Inuit Nova Scotia 80 - - - 1991 *LINK* 1991 Census Highlights of Registered Indians: Annotated Tables, Ottawa, Ontario, Canada: Indian and Northern Affairs Canada (1995); pg. 3. Table 1.0: "Ethnic Composition of the Aboriginal Population: Canada, Provinces and Territories, 1991 Census "; NOTE: These figures represent ethnic/tribal affiliation, not stated religious preference.
Inuit Nunavut 21,250 85.00% - - 1999 Associated Press. "Celebrations begin for creation of Canada's new territory " in Dallas Morning News (Thursday, April 1, 1999); pg. 10A. "Nunavut is being created out of the eastern 60% of the Northwest Territories, culminating 20 years of lobbying by Inuit leaders. About 85% of Nunavut's 25,000 people are Inuit. "
Inuit Ontario 530 - - - 1991 *LINK* 1991 Census Highlights of Registered Indians: Annotated Tables, Ottawa, Ontario, Canada: Indian and Northern Affairs Canada (1995); pg. 3. Table 1.0: "Ethnic Composition of the Aboriginal Population: Canada, Provinces and Territories, 1991 Census "; NOTE: These figures represent ethnic/tribal affiliation, not stated religious preference.
Inuit Prince Edward Island 10 - - - 1991 *LINK* 1991 Census Highlights of Registered Indians: Annotated Tables, Ottawa, Ontario, Canada: Indian and Northern Affairs Canada (1995); pg. 3. Table 1.0: "Ethnic Composition of the Aboriginal Population: Canada, Provinces and Territories, 1991 Census "; NOTE: These figures represent ethnic/tribal affiliation, not stated religious preference.
Inuit Quebec 6,780 - - - 1991 *LINK* 1991 Census Highlights of Registered Indians: Annotated Tables, Ottawa, Ontario, Canada: Indian and Northern Affairs Canada (1995); pg. 3. Table 1.0: "Ethnic Composition of the Aboriginal Population: Canada, Provinces and Territories, 1991 Census "; NOTE: These figures represent ethnic/tribal affiliation, not stated religious preference.
Inuit Saskatchewan 55 - - - 1991 *LINK* 1991 Census Highlights of Registered Indians: Annotated Tables, Ottawa, Ontario, Canada: Indian and Northern Affairs Canada (1995); pg. 3. Table 1.0: "Ethnic Composition of the Aboriginal Population: Canada, Provinces and Territories, 1991 Census "; NOTE: These figures represent ethnic/tribal affiliation, not stated religious preference.
Inuit USA 12,500 - - - 1970 Cavendish, Richard (ed.). Man, Myth & Magic: An Illustrated Encyclopedia of the Supernatural (vol. 6). New York: Marshall Cavendish Corp. (1970); pg. 832. "...the Eskimo... At the present time they number some 50,000, of whom approximately half are to be found in Greenland and the rest fairly evenly divided between Canada and Alaska. "
Inuit USA 57,152 0.02% - - 1990 Utter, Jack. American Indians: Answers to Today's Questions. Lake Ann, MI: National Woodlands Publishing Co. (1993); pg. 17. "In 1990, through the Census Bureau's system of self-identifying, there were 1,959,234 individuals identified as Indians, including Alaska Natives. This is 0.8% of the total U.S. population of 248,709,873. The 'Indian' population breaks down ethnologically as 23,797 Aleuts, 57,152 Eskimos, and 1,878,284 Indians. "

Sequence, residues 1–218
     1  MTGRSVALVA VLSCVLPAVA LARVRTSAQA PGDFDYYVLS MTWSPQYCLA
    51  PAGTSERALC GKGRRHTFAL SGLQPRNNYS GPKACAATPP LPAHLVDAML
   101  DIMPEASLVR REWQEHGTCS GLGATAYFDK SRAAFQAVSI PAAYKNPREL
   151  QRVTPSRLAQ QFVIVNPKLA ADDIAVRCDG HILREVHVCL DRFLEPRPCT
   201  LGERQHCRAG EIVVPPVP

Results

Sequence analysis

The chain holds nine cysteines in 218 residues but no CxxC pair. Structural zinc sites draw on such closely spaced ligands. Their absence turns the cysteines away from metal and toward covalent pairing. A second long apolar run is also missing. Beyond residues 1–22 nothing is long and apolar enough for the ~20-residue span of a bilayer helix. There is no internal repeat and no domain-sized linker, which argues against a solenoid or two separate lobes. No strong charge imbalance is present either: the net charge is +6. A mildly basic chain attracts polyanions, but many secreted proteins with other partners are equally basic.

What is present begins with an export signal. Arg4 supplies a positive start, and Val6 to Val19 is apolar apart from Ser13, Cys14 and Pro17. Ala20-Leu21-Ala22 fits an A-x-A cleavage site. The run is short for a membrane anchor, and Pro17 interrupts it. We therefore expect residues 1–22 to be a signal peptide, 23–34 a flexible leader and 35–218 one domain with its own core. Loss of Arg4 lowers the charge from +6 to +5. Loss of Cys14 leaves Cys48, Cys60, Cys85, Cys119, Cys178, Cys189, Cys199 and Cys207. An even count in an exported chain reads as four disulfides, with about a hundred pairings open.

Inuit world 35,000 - - - 1968 Pinney, Roy. Vanishing Tribes. New York: Thomas Y. Crowell Co. (1968); pg. 161. "Presently there are about 35,000 Eskimos living in the Arctic. "
Inuit world 50,000 - - - 1970 Cavendish, Richard (ed.). Man, Myth & Magic: An Illustrated Encyclopedia of the Supernatural (vol. 6). New York: Marshall Cavendish Corp. (1970); pg. 832. "Primarily a coastal people, the Eskimo occupy an area extending from Greenland and Labrador in the east to the Bering Sea in the west; some groups live on the Siberian shore of the Bering Straits. At the present time they number some 50,000, of whom approximately half are to be found in Greenland and the rest fairly evenly divided between Canada and Alaska. "
Inuit world 90,000 - - 3
countries
1998 Gall, Timothy L. (ed). Worldmark Encyclopedia of Culture & Daily Life: Vol. 2 - Americas. Cleveland, OH: Eastword Publications Development (1998); pg. 244. "Inuit: Alternate names: Eskimo; Location: United States (Alaska); Canada (Greenland); Aleutian Islands; Russia (Siberia); Population: 90,000; Religion: Traditional animism; Christianity "; "Missionaries introduced various forms of Christianity, including Russian Orthodoxy, Catholicism, Anglicanism, and Lutheranism; these have largely replaced traditional Inuit religious practices, although many of the traditional animistic beliefs still linger. As with most hunting cultures, many traditional Inuit customs and taboos were intended to mollify the souls of hunted animals, such as polar bears, whales, walrus, and seals... "
Inuit Yukon 30 - - - 1991 *LINK* 1991 Census Highlights of Registered Indians: Annotated Tables, Ottawa, Ontario, Canada: Indian and Northern Affairs Canada (1995); pg. 3. Table 1.0: "Ethnic Composition of the Aboriginal Population: Canada, Provinces and Territories, 1991 Census "
Invisible College Kansas 40 - - - 1999 Email response from Bruce Nelson (eleusis@sprintmail.co), the contact mentioned on the Classical Religion Society web site. Received 8 Feb. 1999. "The Classical Religion Society is a branch of the Invisible College which is based here in Kansas and has about 40 members... The college has another 70 members who live ouside of Kansas City in different states and foreign countries. "
Invisible College world 110 - - - 1999 Email response from Bruce Nelson (eleusis@sprintmail.co), the contact mentioned on the Classical Religion Society web site. Received 8 Feb. 1999. "The Classical Religion Society is a branch of the Invisible College which is based here in Kansas and has about 40 members. The College sponsors a number of practice and study groups in areas such as Neoplatonism, Tibetan Buddhism, Contemplative Christianity, and the Hermetic tradition in addition to its interests in the Greek and Roman traditions... The college has another 70 members who live ouside of Kansas City in different states and foreign countries. "